Adapted from a novel by Miguel Cervantes
Sancho, a poor villager, walks down the street. Suddenly, he sees a man on the ground. He is very old. His clothes are old. His horse is old. Most of all, his mind is aging.
Sancho takes pity on the old man. He says, “May I help you, sir?”
The old man says, “Do not call me “sir.’ I am a Don. My name is Don Quixote. I am an important knight.” The old man puffs up proudly. Don Quixote thinks he is a knight on a mission to protect a beautiful princess. In reality, the “princess” is a poor village woman. She was beautiful in the past, but now she is 80. Don Quixote is 80 too, and he adores his “princess.”
Poor Sancho is surprised! “You are a knight?” he asks. This is clearly impossible. The “knight” looks so pathetic and old. “Yes, and you can be my servant,” says Don Quixote. It’s clear that Don Quixote has lost touch with reality.
Generous Sancho helps the old man. Sancho helps Don Quixote get on his horse. They talk together and he escorts Don Quixote home. “You are my servant!” declares Don Quixote. Sancho is too sad and embarrassed for Don Quixote. He says nothing.
A few hours pass. Finally, the two men arrive at Don Quixote’s house, his family is happy!
His niece says, “Uncle! Here you are! I was nervous.” His niece insists he must not go on any missions. She cries, “It’s dangerous for an old man to pretend to be a knight!”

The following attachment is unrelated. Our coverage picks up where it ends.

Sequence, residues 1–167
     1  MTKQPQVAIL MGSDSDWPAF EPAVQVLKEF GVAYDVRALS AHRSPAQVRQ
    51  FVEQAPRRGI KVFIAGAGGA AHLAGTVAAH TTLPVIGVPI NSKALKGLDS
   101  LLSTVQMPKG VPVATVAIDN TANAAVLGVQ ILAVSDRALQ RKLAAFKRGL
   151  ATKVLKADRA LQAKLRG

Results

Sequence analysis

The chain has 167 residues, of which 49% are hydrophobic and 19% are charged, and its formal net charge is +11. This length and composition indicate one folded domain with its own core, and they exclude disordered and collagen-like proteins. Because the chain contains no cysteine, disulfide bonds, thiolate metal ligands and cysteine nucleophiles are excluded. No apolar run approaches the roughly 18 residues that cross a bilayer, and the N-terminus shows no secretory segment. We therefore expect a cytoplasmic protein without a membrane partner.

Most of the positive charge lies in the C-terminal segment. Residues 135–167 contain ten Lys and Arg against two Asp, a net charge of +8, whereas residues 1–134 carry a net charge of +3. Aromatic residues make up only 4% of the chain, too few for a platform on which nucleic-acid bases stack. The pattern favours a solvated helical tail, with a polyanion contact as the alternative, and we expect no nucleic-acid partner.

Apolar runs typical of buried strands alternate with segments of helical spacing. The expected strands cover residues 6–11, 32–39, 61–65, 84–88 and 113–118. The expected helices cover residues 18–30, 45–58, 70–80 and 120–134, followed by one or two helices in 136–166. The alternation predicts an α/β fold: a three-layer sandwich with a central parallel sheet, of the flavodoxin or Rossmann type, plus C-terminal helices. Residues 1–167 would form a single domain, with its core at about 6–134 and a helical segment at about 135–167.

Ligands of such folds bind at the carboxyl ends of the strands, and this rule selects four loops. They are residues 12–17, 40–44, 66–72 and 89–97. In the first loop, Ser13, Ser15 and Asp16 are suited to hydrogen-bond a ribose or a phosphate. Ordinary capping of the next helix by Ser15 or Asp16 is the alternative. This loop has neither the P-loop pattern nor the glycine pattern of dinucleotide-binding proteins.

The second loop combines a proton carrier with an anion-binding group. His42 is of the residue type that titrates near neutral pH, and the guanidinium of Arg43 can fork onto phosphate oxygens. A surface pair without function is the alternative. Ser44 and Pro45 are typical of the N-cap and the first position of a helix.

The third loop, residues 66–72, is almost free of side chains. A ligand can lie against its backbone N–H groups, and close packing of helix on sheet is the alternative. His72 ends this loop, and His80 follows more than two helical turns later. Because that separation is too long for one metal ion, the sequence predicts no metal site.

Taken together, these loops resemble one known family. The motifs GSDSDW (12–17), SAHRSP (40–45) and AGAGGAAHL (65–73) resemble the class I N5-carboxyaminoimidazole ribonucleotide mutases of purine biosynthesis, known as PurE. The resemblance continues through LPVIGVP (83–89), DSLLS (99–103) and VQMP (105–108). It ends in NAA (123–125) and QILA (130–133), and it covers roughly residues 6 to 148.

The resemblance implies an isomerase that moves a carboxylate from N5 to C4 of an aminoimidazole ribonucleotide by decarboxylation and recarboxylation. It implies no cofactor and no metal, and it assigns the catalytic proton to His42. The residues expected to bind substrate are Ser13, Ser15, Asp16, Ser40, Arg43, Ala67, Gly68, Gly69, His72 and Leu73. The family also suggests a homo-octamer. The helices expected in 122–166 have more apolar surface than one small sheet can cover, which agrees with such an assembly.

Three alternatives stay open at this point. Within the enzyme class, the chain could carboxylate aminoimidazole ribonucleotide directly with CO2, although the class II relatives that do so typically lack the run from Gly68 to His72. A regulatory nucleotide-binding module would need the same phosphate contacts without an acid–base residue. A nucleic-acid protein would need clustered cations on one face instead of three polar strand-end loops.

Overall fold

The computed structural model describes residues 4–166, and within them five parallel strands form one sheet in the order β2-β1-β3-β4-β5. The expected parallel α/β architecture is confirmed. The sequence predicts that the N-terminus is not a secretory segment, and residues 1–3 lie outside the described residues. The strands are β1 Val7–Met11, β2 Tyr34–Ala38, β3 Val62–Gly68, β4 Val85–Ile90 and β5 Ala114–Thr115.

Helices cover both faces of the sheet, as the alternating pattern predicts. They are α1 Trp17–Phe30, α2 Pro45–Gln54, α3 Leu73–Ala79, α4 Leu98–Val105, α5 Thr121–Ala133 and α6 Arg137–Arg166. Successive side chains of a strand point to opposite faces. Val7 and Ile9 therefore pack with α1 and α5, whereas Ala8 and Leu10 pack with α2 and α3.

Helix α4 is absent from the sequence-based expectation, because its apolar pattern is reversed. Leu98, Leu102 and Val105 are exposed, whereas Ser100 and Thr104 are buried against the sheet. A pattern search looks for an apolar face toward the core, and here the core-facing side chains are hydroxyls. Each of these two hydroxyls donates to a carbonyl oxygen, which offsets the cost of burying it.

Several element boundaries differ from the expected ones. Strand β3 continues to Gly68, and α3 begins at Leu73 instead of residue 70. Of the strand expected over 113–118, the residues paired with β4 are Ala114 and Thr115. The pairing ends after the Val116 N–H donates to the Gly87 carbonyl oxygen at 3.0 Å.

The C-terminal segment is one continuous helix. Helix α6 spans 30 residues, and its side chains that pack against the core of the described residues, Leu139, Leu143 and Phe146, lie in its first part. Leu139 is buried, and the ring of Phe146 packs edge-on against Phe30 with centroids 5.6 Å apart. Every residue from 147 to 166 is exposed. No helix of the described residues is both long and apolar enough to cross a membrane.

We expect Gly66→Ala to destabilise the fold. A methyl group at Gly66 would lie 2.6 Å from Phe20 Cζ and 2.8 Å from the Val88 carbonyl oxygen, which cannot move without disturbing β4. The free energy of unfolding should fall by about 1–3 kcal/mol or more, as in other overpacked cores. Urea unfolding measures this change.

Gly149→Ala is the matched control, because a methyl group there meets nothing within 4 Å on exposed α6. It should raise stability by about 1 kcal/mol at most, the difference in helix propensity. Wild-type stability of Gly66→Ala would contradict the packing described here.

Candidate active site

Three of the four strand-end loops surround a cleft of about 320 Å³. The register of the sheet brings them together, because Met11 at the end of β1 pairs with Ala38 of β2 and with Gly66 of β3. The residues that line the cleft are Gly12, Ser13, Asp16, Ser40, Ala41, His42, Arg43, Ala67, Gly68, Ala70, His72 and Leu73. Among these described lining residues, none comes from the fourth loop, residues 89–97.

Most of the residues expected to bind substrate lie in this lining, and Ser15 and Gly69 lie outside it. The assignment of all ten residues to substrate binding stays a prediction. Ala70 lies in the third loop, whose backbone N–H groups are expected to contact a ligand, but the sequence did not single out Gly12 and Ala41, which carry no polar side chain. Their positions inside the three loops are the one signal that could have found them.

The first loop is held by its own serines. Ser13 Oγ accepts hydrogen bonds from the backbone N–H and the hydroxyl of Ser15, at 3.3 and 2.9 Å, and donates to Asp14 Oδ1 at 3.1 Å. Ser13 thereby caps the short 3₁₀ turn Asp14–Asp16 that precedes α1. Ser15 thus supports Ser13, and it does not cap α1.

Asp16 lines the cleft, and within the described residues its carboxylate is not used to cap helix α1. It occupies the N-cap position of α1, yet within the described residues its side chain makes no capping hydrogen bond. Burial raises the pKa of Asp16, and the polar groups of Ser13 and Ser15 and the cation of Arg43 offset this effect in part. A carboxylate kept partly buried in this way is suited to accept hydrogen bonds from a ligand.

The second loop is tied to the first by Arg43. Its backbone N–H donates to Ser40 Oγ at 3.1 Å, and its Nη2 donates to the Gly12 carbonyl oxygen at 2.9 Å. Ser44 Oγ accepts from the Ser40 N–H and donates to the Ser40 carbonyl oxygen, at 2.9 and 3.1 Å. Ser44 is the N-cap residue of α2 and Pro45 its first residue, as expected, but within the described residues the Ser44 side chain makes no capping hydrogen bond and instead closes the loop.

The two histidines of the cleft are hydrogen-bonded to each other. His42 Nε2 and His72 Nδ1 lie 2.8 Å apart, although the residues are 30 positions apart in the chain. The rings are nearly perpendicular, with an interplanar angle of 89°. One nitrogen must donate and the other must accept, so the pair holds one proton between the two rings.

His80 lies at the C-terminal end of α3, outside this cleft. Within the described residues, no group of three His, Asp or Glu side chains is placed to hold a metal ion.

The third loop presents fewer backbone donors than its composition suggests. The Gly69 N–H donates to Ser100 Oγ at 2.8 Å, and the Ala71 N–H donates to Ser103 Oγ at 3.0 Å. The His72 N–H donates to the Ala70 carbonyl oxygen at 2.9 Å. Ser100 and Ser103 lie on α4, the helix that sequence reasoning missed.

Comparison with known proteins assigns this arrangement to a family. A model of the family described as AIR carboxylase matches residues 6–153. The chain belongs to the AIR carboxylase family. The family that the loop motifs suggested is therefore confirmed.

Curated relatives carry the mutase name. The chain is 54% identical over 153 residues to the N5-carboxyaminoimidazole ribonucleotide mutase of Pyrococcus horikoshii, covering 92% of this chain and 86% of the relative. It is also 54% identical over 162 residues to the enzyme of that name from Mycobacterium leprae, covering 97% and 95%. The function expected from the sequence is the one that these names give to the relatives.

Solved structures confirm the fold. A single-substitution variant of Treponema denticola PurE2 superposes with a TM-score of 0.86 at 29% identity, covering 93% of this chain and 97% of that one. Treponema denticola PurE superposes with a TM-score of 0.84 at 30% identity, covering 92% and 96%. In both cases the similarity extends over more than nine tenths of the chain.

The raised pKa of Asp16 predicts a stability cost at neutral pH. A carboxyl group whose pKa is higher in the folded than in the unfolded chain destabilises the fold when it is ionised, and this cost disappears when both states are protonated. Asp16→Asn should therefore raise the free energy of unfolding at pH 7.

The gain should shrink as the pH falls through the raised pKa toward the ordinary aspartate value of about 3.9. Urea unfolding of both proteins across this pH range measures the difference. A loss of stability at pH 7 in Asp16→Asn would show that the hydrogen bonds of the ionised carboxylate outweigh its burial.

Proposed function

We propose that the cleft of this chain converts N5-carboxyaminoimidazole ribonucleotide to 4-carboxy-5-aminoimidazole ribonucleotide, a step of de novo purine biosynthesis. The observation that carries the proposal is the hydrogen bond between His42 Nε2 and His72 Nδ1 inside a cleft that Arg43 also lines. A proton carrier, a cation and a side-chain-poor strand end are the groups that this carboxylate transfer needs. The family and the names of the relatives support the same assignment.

Don Quixote is forced to stay at home. He is miserable at home. He desires action and adventure! So, he reads. He has hundreds of books, mostly fiction.
Don Quixote reads the books of the knights: their noble missions and their devotion. His imagination goes wild and Don Quixote imagines he is in old times: the time of knights, princesses, and epic missions. Poor Don Quixote spends so much time reading, his niece is angry.
The niece takes his books. It is clear that the poems influence Don Quixote. Don Quixote reads too much! The niece asks the priest for help. “Help, my uncle is crazy. He thinks he is a knight! It’s the books. They are influencing his mind and making him crazy,” says the niece.
The priest quickly makes a decision. He says, “It is necessary to burn the books.” Don Quixote is asleep in bed. Then, the priest collects all the books. They go to an abandoned field and make a big fire. The niece is sad, but it is necessary. Together, the niece and the priest burn the books. A pillar of smoke appears.
The next day, Don Quixote searches for the books. He is shocked! His books are gone! Then he sees smoke. Don Quixote has a strange explanation. I know! It’s my enemy, the dragon,” he says. He is convinced a dragon burned his books.
Don Quixote gets on his horse. He takes his lance and his armor and prepares to attack. Don Quixote is so excited to be on a mission! Quickly, he goes in the direction of the smoke.
He sees movement in the distance. “It is the enemy: the dragon!” says Don Quixote. Don Quixote takes out his long lance. He imagines it a grand, elegant lance of gold. In reality, it is old wood and it is not very strong. Don Quixote thrusts the lance towards the dragon.
But in reality, it’s a windmill.
The windmill is made of very solid wood. Going very fast, Don Quixote hits the windmill and falls off the horse.
Poor old Don Quixote is injured. He realizes he must go home. Embarrased, he returns home. At home, his niece is furious. She says, “Uncle, do not leave! It’s dangerous.” She is so angry, she locks Don Quixote in his bedroom.
Don Quixote stays home… until his next mission.